My story starts out with me being a 32-year-old wife and mom to 3.
I had an accident when I was walking down our deck stairs; they were wet, and I slipped and fell. I have scoliosis and a couple of herniated discs in my back, so I put my hands behind my back to try to protect it, and I ended up hurting my collarbone.
I waited a few days for it to get better before getting an X-ray. The X-ray showed no break so my doctor told me I just pulled some muscles. This was my first injury that just wouldn’t heal. Little did I know I partially dislocated my shoulder, but I had no clue I had hypermobile Ehlers-Danlos syndrome (hEDS) at the time.
It took weeks, and this was the beginning of my health journey. It seemed like everything started going haywire after this.
I can remember my joints starting to hurt, I couldn’t regulate my body temperature, my fatigue was horrible. I saw neurologists and rheumatologists, and they all ran tests for autoimmune diseases, Lyme disease, diabetes, and MS. I was told it was probably fibromyalgia but that they weren’t the right kind of doctors to diagnose me with it. At that moment, I honestly thought I had MS. I had run across EDS in my own research, but I ruled it out myself because I didn’t consider myself to be flexible, even though I had all of the other symptoms.
This went on for two years. Continuous tests and different doctors, pain management programs, cortisone injections to help with the pain, MRIs, CT scans, it was never-ending. My husband and I felt hopeless. I was beginning to feel like I had an extremely rare cancer and doctors couldn’t find it. All while my symptoms were getting extremely worse.
I felt like my legs were as heavy as elephant legs at times, sometimes my skin feels like I have bugs biting me, and one of my main symptoms was feeling as though fire was flowing through my veins. We decided to try one more rheumatologist in a different city before heading to the Mayo Clinic. I was extremely anxious, wondering if this doctor would gaslight me, tell me I needed to lose another 60 lbs or tell me that I should consider myself lucky that I’m not a paraplegic and at least I can feel pain.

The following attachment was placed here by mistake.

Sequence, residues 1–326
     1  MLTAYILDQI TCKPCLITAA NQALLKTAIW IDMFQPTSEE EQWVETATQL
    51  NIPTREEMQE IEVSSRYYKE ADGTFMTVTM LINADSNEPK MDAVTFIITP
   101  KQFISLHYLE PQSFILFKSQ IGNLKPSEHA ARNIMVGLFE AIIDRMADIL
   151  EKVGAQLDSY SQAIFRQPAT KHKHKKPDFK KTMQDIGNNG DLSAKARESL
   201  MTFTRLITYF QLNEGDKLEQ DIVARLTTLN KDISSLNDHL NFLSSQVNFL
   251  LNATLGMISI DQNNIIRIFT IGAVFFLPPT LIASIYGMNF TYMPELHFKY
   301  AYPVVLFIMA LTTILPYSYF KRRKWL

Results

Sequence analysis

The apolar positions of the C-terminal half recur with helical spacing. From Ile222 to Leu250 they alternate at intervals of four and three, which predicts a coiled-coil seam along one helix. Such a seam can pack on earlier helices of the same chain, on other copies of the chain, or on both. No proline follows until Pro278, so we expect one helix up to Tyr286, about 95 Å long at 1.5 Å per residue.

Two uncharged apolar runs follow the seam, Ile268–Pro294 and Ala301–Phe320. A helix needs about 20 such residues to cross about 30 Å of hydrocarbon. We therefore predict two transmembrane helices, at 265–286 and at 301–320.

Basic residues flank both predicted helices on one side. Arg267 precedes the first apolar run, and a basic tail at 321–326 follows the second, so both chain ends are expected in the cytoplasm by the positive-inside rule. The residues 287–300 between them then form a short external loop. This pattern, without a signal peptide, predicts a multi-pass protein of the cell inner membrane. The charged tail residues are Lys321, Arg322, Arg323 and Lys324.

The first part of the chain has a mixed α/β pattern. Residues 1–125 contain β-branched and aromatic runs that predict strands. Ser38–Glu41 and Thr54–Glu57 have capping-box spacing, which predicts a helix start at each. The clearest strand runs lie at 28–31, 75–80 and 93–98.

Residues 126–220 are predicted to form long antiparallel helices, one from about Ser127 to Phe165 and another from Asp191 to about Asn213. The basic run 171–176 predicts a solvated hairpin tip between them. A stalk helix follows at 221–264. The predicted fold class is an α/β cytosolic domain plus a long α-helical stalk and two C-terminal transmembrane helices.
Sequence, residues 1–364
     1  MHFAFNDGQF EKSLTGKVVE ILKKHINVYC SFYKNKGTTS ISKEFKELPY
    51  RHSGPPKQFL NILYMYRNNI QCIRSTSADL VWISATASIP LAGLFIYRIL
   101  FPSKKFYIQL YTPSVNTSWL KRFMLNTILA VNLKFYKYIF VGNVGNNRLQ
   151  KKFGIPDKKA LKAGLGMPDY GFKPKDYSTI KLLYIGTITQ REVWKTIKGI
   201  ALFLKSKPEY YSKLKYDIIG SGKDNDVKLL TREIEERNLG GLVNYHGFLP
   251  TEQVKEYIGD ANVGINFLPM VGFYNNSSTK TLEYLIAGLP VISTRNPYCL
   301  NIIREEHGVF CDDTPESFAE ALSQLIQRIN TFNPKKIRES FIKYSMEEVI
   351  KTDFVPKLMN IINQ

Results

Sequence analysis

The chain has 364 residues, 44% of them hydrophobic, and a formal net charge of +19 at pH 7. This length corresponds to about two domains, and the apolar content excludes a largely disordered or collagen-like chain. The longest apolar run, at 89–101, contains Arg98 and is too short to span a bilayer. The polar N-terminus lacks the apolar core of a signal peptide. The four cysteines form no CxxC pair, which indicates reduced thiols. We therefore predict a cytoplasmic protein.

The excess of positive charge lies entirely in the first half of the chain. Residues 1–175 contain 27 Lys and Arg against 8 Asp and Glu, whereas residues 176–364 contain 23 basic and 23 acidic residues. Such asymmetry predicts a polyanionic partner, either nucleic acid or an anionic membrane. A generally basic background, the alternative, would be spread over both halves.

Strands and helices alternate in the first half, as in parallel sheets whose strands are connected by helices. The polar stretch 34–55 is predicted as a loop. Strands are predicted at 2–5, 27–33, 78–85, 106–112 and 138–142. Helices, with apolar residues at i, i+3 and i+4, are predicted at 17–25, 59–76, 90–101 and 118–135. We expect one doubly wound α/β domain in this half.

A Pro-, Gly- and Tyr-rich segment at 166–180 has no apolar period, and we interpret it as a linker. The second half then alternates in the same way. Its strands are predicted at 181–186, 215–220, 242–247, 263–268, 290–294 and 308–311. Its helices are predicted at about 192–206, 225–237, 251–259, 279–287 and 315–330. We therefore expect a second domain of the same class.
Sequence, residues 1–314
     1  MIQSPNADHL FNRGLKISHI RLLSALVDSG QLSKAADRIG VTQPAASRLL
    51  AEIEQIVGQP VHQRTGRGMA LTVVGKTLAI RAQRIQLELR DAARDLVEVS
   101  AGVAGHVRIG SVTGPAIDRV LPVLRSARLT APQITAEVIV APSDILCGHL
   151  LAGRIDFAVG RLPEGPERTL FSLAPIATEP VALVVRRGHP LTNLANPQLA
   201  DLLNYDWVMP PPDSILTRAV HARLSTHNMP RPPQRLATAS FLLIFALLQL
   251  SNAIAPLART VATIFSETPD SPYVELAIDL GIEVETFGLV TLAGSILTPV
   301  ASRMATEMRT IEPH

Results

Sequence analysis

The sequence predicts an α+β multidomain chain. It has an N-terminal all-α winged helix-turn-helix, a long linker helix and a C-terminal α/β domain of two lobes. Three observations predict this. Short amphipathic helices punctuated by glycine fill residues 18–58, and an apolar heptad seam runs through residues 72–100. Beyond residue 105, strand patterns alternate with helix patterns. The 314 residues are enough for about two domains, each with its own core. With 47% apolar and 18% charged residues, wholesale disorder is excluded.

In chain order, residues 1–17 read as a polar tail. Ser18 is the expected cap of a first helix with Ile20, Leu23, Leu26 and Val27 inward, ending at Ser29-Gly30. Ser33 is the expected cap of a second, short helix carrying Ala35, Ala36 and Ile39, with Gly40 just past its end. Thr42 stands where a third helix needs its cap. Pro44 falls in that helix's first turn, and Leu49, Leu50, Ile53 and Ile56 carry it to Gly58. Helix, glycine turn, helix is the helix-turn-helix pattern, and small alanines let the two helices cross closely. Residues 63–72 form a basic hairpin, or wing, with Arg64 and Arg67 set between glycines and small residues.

I walked into Dr. Macquires office and she asked me to sit. My husband and I went through my symptom notebook. She listened intently. When I was done she asked if I had ever heard of Ehlers-Danlos syndrome. I said yes. She also asked if I would consider myself double-jointed, or if I had party tricks. I said no. She asked me to stand. The doctoir went through the Beighton scale with me and I had 9/9 pts. I had no clue I was flexible. She showed me how stretchy my skin was. I was in shock, but so relieved. I was amazed this doctor basically just looked at me and read me like a book.
I walked out of her office with a hEDS diagnosis. It took two years, a ton of medical gaslighting, and then I was left with “what now”. It took another six years before I would find a doctor who would treat my EDS. I am now almost 40, I’m taking lower dose naltrexone, and trying to follow a low-inflammatory diet because I also have mast cell activation syndrome and postural orthostatic tachycardia syndrome. My life is much different with my diagnosis, it is more purposeful. I feel like I’m made to turn this into a positive somehow, so in turn I’m doing so by advocating and bringing awareness to my chronic illnesses.